We decided to take a trek up north to Port Hedland to visit my friends daughter and son in law, camping in several coastal resorts on the way up.
There are not many options to this journey. Either the 'coastal road' which is a bit misleading because it doesn't go very near the sea at all, or the inland route, which actually goes through the desert. We took the coastal road, which is, in effect, pretty much a straight line going north from Perth. To branch off to the sea just requires a left turn where sign posted.
But...one has to remember the distances here from A to B are vast. It was nothing to drive for 500 kilometres or more and not come across any form of deviation from one's route. A bit of a nightmare when the sun is shining into your side of the car for 5 unbroken hours in a straight line. The first day's journey resulted in the left side of my face and my left arm glowing with sunburn, despite smothering them with factor 30 cream. After that, learning from experience I set up a towel over the window for a sunscreen.
The temperature in the car became increasingly uncomfortable the further north we travelled. Although the Hyundai Excel car we journeyed in had air conditioning fitted, I was told that if we turned it on our fuel consumption would pretty much double, since it only has a small engine.
Besides that, it was a good way of becoming acclimatised to the obscenely hot weather up north. (Sounded iffy to me, but I didn't argue) We had not gone very far from home when we came across our first sighting of live Kangaroos. I emphasise live, because as our journey progressed I saw literally thousands of dead ones splattered on the road by the huge 'road trains' that carry goods the length and breadth of this huge continent.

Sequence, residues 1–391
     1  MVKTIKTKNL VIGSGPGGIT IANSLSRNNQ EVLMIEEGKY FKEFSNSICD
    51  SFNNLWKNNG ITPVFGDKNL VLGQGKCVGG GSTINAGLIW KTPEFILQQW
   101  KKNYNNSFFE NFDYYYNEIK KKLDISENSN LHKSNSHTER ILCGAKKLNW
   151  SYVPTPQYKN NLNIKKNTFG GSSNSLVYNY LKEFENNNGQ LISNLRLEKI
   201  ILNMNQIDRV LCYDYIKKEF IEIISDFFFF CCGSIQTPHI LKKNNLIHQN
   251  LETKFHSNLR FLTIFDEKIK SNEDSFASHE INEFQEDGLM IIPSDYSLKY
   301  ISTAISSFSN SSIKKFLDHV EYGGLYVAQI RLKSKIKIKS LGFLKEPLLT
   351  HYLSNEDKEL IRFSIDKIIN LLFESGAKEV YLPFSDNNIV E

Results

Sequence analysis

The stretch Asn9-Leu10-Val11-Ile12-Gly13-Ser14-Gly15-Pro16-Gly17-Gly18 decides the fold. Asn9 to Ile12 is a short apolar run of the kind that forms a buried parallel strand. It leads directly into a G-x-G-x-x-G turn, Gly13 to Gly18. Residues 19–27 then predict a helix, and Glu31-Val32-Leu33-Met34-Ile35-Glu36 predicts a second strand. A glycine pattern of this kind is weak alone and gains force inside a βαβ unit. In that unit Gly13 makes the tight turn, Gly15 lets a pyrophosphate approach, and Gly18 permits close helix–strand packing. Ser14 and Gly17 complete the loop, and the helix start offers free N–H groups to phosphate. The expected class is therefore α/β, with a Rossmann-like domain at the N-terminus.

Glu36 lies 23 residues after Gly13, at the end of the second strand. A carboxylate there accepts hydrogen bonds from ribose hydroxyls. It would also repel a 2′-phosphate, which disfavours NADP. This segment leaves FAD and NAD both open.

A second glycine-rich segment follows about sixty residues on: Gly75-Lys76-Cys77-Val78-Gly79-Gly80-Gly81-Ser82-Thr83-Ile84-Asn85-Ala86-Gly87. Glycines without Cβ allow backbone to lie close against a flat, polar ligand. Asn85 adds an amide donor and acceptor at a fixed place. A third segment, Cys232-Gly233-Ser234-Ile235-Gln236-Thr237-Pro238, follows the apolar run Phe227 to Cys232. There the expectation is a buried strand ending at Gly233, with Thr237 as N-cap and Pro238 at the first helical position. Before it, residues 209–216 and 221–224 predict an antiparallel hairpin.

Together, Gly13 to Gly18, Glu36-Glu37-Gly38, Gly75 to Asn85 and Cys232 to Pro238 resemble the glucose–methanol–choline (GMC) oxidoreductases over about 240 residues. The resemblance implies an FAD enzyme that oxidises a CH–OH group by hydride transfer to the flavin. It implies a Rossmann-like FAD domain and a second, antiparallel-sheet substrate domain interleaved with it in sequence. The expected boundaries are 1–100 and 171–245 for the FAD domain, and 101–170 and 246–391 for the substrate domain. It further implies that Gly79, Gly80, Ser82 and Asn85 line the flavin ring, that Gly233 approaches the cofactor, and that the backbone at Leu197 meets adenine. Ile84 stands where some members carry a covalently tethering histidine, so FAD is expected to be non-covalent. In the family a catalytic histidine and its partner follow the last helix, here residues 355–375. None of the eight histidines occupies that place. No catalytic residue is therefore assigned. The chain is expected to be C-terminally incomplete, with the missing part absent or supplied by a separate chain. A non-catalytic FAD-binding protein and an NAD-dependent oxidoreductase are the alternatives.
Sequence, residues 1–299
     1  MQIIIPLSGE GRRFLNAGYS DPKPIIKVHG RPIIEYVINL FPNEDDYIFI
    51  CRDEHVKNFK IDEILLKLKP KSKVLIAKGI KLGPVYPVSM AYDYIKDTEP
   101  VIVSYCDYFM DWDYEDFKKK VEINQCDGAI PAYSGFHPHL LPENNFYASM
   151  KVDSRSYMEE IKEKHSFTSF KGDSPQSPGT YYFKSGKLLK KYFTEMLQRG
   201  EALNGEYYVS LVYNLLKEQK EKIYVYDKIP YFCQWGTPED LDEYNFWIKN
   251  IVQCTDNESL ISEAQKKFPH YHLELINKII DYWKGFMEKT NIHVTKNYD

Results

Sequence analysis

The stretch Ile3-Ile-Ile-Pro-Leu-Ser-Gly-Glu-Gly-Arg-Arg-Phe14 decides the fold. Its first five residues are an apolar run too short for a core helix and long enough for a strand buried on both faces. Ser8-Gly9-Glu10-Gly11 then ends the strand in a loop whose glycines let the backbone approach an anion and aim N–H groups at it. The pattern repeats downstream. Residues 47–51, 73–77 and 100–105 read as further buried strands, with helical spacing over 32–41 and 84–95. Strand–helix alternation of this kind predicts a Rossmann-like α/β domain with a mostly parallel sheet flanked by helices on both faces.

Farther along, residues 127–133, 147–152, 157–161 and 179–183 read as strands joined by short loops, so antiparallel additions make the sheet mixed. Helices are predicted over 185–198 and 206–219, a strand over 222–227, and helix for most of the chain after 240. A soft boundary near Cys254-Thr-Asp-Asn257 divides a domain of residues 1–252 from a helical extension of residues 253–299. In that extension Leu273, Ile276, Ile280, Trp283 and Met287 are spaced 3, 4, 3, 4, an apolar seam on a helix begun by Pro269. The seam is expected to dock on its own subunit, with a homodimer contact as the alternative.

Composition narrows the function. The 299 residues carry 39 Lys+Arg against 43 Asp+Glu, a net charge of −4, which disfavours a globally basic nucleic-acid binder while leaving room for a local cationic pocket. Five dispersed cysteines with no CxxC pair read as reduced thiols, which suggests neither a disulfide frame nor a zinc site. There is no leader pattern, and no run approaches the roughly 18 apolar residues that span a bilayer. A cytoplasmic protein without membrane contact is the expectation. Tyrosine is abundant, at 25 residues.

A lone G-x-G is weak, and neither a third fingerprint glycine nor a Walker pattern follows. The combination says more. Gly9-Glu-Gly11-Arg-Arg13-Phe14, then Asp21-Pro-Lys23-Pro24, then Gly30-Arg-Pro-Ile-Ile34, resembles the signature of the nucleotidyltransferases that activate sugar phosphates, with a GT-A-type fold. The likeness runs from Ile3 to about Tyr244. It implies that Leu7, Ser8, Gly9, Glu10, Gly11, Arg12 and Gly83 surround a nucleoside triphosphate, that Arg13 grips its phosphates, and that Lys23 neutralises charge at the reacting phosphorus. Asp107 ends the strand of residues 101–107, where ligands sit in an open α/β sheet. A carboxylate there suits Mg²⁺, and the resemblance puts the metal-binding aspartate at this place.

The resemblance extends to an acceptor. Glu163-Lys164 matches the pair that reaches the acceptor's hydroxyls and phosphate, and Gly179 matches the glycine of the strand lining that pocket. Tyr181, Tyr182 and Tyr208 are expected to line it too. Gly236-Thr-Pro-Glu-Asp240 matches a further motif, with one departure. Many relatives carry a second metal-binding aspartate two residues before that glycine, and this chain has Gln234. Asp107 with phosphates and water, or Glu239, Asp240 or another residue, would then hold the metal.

It breaks your heart to see such carnage, and not only 'roos, but sheep, goats and many full size cows were also spreadeagled alongside the highway. A hell of a thing to hit. I will never forget the smell of decomposing animal remains wafting in through the door window. Many of the carcases were adorned with huge eagles, or other scavengers such as dingoes, tearing lumps of rotting flesh from the bodies. Yuk!
Our first overnight stop was taken at Port Gregory. A tiny little bay, which consists of nothing more than a small camping park, a few houses for the lobster fishermen, one shop, and nothing else. So peaceful, it was wonderful. Or so I thought...til 3.30am, when the throaty roar of a dozen diesel engines from the bays lobster boats started up for their daily journey out into the ocean to collect their harvest and drop new pots.